Four kinds of mental obsession: a brief excerpt of Becoming Recovered 1.0
November 1, 2008, 9:14 pm
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We experience an obsession when we are trying to stay abstinent and are overpowered by thoughts of using. People who love addicts experience obsession in their relationships when they feel the desire to control other people’s moods or behavior. Obsession can take a variety of forms.

An intrusive obsession is a thought of using that seems to enter our minds from out of nowhere. When we are hit by an intrusive obsession, we find ourselves suddenly dropping our plans and responsibilities, and pursuing the substance, behavior or person that we crave.

A reoccurring obsession is a thought of using that enters our minds over and over again throughout the day. Fighting with this thought consumes all of our energy. We try to remind ourselves of the importance of not using, of all the things we will lose if we use again, and of what always happens to us when we are on a spree, but the thought keeps coming back and seems to grow stronger over time. If we are able to hold out against the reoccurring obsession, we become exhausted and depressed. We are easily irritated and find that normal daily tasks require an enormous amount of effort. Even if we don’t use, the reoccurring obsession wins by beating us down.

A third kind of obsession is called circumstantial obsession. We experience a circumstantial obsession when we are presented with the opportunity to use and cannot think of any good reason not to, even though we have everything to lose. We may give ourselves some silly excuse for using, or we may not think at all. Before we know it, we are deep into active addiction again, wondering what happened to our common sense.

A fourth and final kind of obsession is called the fundamental obsession. The fundamental obsession may not be experienced as a thought of using at all. Instead, we experience this obsession as a basic preoccupation with ourselves and how we feel. It is usually hard for us to identify the fundamental obsession at first, because it is so much a part of how we experience the world. It is like water to fish—we are so familiar with it that it is hard to see. Those of us who have been abstinent for long periods of time without a spiritual solution know the pains of fundamental obsession all too well. Life is unsatisfying. We are constantly agitated and restless, even though we may be quite depressed. We are unable to form meaningful or lasting relationships. We have a deep sense that life is treating us unfairly. People seem cruel and selfish to us; they ignore us and our needs. No matter what we try, we do not seem to be able to get any peace of mind. We are constantly trying to adjust the circumstances of our lives in an attempt to find some comfort. We may have a vague sense that something is wrong with us, but we do not know what it is.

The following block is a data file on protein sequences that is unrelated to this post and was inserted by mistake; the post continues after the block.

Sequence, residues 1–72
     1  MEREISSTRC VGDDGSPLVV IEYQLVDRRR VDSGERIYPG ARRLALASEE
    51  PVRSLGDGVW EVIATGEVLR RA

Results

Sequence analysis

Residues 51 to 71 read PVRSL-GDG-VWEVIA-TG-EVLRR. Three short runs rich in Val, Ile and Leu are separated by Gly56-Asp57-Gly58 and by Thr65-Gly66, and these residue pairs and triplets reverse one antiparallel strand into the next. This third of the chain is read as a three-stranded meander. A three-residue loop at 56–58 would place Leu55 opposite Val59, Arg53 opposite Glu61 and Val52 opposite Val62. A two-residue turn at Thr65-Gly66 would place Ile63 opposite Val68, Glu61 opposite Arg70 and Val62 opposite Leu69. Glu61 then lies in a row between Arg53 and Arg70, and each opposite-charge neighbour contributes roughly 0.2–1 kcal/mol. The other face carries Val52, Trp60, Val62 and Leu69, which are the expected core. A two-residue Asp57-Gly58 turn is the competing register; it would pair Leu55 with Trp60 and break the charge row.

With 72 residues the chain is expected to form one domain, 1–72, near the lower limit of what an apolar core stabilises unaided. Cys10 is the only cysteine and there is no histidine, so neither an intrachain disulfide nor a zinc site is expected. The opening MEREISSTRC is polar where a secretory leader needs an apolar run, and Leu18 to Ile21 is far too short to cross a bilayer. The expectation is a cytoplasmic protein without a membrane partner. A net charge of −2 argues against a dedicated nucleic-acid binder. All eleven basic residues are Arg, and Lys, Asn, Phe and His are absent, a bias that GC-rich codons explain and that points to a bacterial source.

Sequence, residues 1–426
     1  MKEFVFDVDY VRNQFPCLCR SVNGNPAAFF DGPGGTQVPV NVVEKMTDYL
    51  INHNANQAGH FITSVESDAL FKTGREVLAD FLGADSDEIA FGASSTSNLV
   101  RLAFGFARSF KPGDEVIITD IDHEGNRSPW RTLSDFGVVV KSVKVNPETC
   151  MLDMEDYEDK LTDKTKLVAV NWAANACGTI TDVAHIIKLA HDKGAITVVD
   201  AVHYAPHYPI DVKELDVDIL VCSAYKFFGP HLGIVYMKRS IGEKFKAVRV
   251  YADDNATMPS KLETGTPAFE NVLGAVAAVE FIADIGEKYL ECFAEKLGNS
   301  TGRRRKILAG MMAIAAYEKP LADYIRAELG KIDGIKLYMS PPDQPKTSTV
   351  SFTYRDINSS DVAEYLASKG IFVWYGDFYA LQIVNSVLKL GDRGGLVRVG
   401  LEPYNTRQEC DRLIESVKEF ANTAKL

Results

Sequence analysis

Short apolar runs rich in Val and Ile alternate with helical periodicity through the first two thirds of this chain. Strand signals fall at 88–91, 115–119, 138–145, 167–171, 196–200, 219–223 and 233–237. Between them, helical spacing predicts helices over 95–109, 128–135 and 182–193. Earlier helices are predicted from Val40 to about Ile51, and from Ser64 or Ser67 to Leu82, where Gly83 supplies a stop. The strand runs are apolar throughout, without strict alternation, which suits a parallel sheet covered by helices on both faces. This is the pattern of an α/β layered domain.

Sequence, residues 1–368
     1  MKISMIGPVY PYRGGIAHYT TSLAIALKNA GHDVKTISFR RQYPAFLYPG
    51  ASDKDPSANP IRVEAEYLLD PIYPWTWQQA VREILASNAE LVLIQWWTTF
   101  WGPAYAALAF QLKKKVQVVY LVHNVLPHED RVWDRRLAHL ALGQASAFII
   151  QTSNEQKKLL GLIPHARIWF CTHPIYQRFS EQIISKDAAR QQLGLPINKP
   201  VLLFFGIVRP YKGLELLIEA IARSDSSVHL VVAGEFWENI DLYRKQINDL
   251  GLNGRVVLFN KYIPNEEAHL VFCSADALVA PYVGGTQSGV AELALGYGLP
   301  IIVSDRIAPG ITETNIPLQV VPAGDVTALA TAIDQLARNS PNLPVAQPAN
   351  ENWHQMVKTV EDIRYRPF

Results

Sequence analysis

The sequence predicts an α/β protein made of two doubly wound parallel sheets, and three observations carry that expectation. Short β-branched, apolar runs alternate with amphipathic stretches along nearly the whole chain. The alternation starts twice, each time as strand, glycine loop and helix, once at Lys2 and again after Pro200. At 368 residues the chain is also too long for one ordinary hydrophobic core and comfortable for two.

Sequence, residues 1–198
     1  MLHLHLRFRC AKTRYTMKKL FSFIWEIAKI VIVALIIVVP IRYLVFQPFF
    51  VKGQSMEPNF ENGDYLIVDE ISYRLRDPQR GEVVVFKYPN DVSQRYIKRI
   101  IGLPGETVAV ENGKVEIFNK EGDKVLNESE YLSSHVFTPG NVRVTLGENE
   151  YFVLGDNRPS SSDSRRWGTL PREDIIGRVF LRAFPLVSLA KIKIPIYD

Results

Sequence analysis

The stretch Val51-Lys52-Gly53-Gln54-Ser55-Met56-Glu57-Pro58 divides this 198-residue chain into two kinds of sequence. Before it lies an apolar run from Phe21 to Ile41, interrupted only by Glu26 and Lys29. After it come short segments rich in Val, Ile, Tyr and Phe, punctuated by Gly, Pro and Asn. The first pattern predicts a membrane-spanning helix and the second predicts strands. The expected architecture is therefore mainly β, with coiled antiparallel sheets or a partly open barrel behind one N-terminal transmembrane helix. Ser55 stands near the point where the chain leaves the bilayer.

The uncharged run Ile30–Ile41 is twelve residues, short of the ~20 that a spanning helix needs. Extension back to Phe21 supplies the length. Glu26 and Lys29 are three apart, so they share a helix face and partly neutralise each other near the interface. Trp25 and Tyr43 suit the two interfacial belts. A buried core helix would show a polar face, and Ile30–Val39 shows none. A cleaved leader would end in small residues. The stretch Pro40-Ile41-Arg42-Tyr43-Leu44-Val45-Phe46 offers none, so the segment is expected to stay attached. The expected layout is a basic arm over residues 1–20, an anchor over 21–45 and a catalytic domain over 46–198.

Reoccurring and circumstantial obsession may actually get easier to cope with over time, but the fundamental obsession only gets worse. The pain of daily living builds up inside us and we have to vent it somehow. Some of us become violent; others tax the patience of our friends with complaints. Many of us find some substance or behavior that provides us with temporary relief. In other words, we switch addictions in order to cope with the pain of fundamental obsession.

October 25, 2008, 8:15 am
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If you’re a regular over at AAhistorylovers, you may have already read this one. If not, it’s well worth your time to head over to the AAA website and read “Three ways to be Anonymous” by Tom P. Jr., who also wrote Gresham’s Law and Alcoholics Anonymous.

In “Three Ways,” Tom offers an extensive quote from an Akron oldtimer who talks about how they used to do meetings with Dr. Bob.

Nobody led our meetings in the very early days. We all just sat around in a circle. After the opening prayer and a short text from the Bible, we had quiet time, silently praying for guidance about what to say. Then each person in turn said something, asking for any help he wanted, bringing up anything that was troubling him or just whatever was on his mind. After everyone was through, there were announcements and we held hands and said the Lord’s Prayer. There was no clapping. At that kind of a meeting, clapping would have seen out of place.

The quote goes on for several more paragraphs. Definitely worth a read: (link)